This hardcover collects almost all of Darwyn Cooke’s Batman-related stories in one volume, featuring the two graphic novels Batman: Ego and Catwoman: Selina’s Big Score. It also includes short stories either written and/or drawn by Cooke working with Paul Grist, Tim Sale and Bill Wray, from Batman: Black & White and Solo. There is one significant omission from this collection, however: ‘Trail of The Catwoman’, which started Cooke’s Catwoman reboot/revival. While available in the Catwoman volume under that title, it’s odd to include Selina’s Big Score yet omit this introduction to the all-new Selina Kyle as she’s dug out of hiding by Slam Bradley, a private investigator working in Gotham.

Darwyn Cooke’s art style has the stripped-down angularity of the Batman Animated TV series on which he worked as a designer and occasional board artist, but with more of a noirish edge, harking back to the lush, dynamic brushwork of artists such as Milton Caniff, or Frank Robbins. His writing too has something of a period feel to it and all stories in this volume inhabit a world where no matter what year it is, it’s somehow always 1968.

In Batman: Ego, Bruce Wayne is estranged from his own Batman persona as he agonises about the limitations of his moral code and if he should give up crime-fighting – or take it to its ultimate conclusion. It’s a great, if well-worn, premise for an exploration of Batman’s history and his personality, and Cooke designs gorgeous visuals as the Bat-costume takes on a life of its own in a schizoid confrontation with its former owner. However, after establishing the dilemma and exploring some of the fallout, the conclusion arrives suddenly and isn’t as satisfying as it promised to be.

‘Here Be Monsters’ is written by Paul Grist and drawn by Cooke. Trying to prevent a villain called Madame X from spiking the Gotham water supply, Batman is hit with a dose of her psychotropic chemicals, sending him on a journey into madness. This is a beautifully handled exercise in black, white and grey tones. ‘The Monument’, written by Cooke and drawn by Bill Wray, is less stylistically successful. Gotham City erects a large statue of Batman but it’s a magnet for trouble.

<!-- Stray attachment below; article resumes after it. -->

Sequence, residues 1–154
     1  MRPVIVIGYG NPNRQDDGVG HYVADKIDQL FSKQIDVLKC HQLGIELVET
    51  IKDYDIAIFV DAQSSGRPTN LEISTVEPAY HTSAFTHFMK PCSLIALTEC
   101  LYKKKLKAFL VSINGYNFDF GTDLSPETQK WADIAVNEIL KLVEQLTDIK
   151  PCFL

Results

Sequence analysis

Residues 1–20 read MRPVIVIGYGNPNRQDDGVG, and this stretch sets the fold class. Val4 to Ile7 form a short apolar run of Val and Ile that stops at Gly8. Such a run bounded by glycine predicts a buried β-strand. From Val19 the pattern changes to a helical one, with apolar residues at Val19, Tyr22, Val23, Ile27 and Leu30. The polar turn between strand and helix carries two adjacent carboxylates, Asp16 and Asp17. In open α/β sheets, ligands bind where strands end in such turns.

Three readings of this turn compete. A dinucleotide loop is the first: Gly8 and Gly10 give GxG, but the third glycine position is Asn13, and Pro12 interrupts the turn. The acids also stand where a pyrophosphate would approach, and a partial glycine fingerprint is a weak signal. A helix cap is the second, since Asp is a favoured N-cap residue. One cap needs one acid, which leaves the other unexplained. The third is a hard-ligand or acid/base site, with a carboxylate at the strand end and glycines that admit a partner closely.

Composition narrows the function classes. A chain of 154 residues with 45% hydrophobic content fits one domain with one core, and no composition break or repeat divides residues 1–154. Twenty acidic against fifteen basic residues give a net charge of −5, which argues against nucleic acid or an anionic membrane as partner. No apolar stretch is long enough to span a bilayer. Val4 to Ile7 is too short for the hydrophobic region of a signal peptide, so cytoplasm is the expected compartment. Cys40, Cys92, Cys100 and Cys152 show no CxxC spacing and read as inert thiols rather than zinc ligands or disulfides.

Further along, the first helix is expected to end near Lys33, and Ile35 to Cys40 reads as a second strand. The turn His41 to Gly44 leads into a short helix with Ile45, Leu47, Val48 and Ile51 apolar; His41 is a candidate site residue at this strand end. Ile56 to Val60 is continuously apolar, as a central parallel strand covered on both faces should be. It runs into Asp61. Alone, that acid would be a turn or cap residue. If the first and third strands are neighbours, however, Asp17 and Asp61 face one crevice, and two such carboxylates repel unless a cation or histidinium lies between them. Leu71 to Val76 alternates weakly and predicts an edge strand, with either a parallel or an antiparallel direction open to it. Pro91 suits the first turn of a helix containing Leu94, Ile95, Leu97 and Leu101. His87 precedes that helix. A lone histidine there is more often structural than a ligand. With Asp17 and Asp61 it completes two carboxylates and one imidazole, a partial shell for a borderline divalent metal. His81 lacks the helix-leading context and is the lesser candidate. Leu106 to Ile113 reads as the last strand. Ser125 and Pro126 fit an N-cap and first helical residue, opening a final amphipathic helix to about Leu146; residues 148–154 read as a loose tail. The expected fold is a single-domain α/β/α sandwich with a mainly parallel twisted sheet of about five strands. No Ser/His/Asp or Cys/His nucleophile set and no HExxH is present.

Selina’s Big Score is the longest story in the book. Batman appears only in one panel of this Ocean’s Eleven-style heist featuring The Catwoman, out of costume as Selina Kyle. This is a straightforward crime story such as Cooke would later perfect with his Parker adaptations. Here he has Selina teaming up with a Lee Marvin-esque partner actually called Stark to pull off the titular ‘big score’ and steal $24 million from the Mob. The characters are all juicy stereotypes and Cooke’s artwork spectacularly evokes the feel of heist-gone-wrong movies like Point Blank and The Killers.

‘Date Knight’ is written by Cooke and drawn by Tim Sale. Batman keeps running into Catwoman around the city, and the variety of contacts and settings are about as close as they can come to going on a date. It’s a cute portrayal of the romantic tension between the two.

‘Deja Vu’ is written and drawn by Darwyn Cooke, a re-imagining of a 1970s classic Batman tale by Steve Englehart and Sal Amendola, ‘Night of the Stalker’. After witnessing a replay of the crime that orphaned him and that lead to his creation, Batman hunts down the criminals responsible. Lots of atmosphere and strong visuals make this a superb end to this volume. This hardcover also contains an intro by Cooke plus other artwork including two covers for Batman: Gotham Adventures and a “Solo dreamgirl pinup”.